Danh Võ and Ulrike Müller at Kunsthaus Bregenz
April 20, 2012
Võ, "Sanyo," 2010.
Gold on cardboard, 1330 g, Unique.
Photo: Jens Ziehe, Courtesy the artist, Galerie Isabella Bortolozzi, Berlin, and private collection.
Copyright © Danh Võ.
In his objects, installations, photographs, and works on paper Danh
Võ combines personal experiences from his childhood in Vietnam with
the story of his family, their flight to Europe, and questions of
colonialism, migration, and cultural identity. A no less important topic of
his works are same-sex relationships and, generally, a questioning of
standardized patterns of behavior both in society in general and in the art
context in particular. Over and over he succeeds in creating works of
It is not only in high-end consumer goods, however, that Danh Võ addresses the supposed attraction of the material values of the West. Products such as Coca Cola, as cited in his Bregenz exhibition in cartons with gold-leaf-printed wrappings, also tempt and hold out a promise of salvation according to the artist.
For Danh Võ, lettering, language, and work and exhibition titles
have a significant role to play and add interpretative levels. This is true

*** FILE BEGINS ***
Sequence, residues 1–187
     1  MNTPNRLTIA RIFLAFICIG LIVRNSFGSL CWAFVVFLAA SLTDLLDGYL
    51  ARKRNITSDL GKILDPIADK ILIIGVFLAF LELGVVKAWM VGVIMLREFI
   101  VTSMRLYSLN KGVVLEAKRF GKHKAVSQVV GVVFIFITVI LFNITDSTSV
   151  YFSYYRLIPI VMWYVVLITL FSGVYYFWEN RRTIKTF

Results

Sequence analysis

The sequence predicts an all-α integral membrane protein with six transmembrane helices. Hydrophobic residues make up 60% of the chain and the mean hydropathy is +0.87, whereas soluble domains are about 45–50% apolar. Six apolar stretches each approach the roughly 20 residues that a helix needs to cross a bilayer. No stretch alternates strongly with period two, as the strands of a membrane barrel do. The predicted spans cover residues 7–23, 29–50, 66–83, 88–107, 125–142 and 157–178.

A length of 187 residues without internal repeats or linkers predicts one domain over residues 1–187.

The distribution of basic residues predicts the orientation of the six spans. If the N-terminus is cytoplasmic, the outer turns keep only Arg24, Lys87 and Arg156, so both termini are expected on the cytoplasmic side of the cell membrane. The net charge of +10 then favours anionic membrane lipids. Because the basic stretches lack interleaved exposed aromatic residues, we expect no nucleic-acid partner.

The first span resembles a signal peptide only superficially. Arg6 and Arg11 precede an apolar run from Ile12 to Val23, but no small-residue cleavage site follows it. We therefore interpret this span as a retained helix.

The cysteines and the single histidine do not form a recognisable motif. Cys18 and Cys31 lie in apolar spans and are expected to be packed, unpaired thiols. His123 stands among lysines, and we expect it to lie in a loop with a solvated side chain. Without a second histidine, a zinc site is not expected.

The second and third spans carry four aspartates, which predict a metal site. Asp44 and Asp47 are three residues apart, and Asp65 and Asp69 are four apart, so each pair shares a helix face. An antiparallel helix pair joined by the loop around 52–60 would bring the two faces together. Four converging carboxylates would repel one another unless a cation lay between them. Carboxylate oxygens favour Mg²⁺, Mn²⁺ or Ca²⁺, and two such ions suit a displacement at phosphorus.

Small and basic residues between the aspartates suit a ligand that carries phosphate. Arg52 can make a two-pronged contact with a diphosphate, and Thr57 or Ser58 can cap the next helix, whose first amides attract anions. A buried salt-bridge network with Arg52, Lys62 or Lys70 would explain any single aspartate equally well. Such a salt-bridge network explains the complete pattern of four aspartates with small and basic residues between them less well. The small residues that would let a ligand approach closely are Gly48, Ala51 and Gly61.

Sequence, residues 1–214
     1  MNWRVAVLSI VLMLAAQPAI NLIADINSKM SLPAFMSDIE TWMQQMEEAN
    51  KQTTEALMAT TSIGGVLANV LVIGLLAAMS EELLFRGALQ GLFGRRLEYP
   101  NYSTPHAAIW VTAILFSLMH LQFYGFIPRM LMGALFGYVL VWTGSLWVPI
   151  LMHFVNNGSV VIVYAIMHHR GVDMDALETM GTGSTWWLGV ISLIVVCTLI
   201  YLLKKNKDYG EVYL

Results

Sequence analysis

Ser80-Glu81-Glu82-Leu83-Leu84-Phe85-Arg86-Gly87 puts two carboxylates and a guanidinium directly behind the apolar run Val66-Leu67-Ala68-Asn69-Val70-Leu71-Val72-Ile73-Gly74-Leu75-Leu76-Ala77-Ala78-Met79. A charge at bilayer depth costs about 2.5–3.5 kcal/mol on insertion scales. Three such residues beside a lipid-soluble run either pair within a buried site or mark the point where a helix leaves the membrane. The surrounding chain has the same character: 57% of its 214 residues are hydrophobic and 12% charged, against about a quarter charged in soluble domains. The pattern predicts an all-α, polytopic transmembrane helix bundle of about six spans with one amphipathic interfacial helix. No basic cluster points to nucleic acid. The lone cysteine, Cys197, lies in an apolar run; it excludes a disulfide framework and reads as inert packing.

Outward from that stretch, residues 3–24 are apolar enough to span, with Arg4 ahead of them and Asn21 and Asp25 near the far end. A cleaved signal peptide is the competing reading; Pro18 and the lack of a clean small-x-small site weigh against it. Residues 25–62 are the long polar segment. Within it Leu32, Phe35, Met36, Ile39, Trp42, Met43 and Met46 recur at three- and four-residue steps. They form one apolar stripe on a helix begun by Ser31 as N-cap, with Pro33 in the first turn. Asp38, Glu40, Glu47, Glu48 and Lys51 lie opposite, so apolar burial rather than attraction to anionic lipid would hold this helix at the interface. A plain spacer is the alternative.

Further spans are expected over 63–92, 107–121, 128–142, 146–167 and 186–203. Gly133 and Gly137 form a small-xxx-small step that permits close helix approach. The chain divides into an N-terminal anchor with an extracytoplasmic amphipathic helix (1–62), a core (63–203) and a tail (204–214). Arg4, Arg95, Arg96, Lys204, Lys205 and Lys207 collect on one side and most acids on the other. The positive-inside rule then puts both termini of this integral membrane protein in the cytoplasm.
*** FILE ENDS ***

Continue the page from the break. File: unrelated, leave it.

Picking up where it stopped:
of his Bregenz exhibition:
Ulrike Müller works with a wide range of media in different contexts. On the basis of conceptual practices she engages with the sociopolitical potential of artistic activity through drawing, painting, video, sound works, and performance. A central interest is her exploration of the ambivalences of contemporary gender constructions beyond binary categorizations of identity such as man/woman, hetero/homo.
Her project Herstory Inventory, being presented for the first time at the KUB Arena, dates back to when, conducting research at the Lesbian Herstory Archives (Brooklyn, New York), the artist found an inventory list of T-shirts present in the collection. Müller subsequently invited 100 internationally known artists to translate into new pictures the lovingly detailed descriptions of the pictures and graphic elements on the T-shirts written by a volunteer at the archives.
Against the backdrop of the history of the movement, drawing becomes an act of political engagement with the historical insignia, symbols, and positions of US lesbian feminist discourse. In a wide range of styles, formats, and problematizations, the pictorial translations of the texts enact personal attitudes toward historical feminist imagery, confronting them with their queer feminist rethinking. At the same time, the drawings by artists like Amy Sillman, Linda Bilda, Cristina Gómez Barrio, and R.H. Quaytman give insight into artistic strategies of representational politics and formal invention.
In Ulrike Müller's presentation in the KUB Arena, individual and
collective gestures interweave and challenge us to think creative action
also in relation to sociopolitical issues.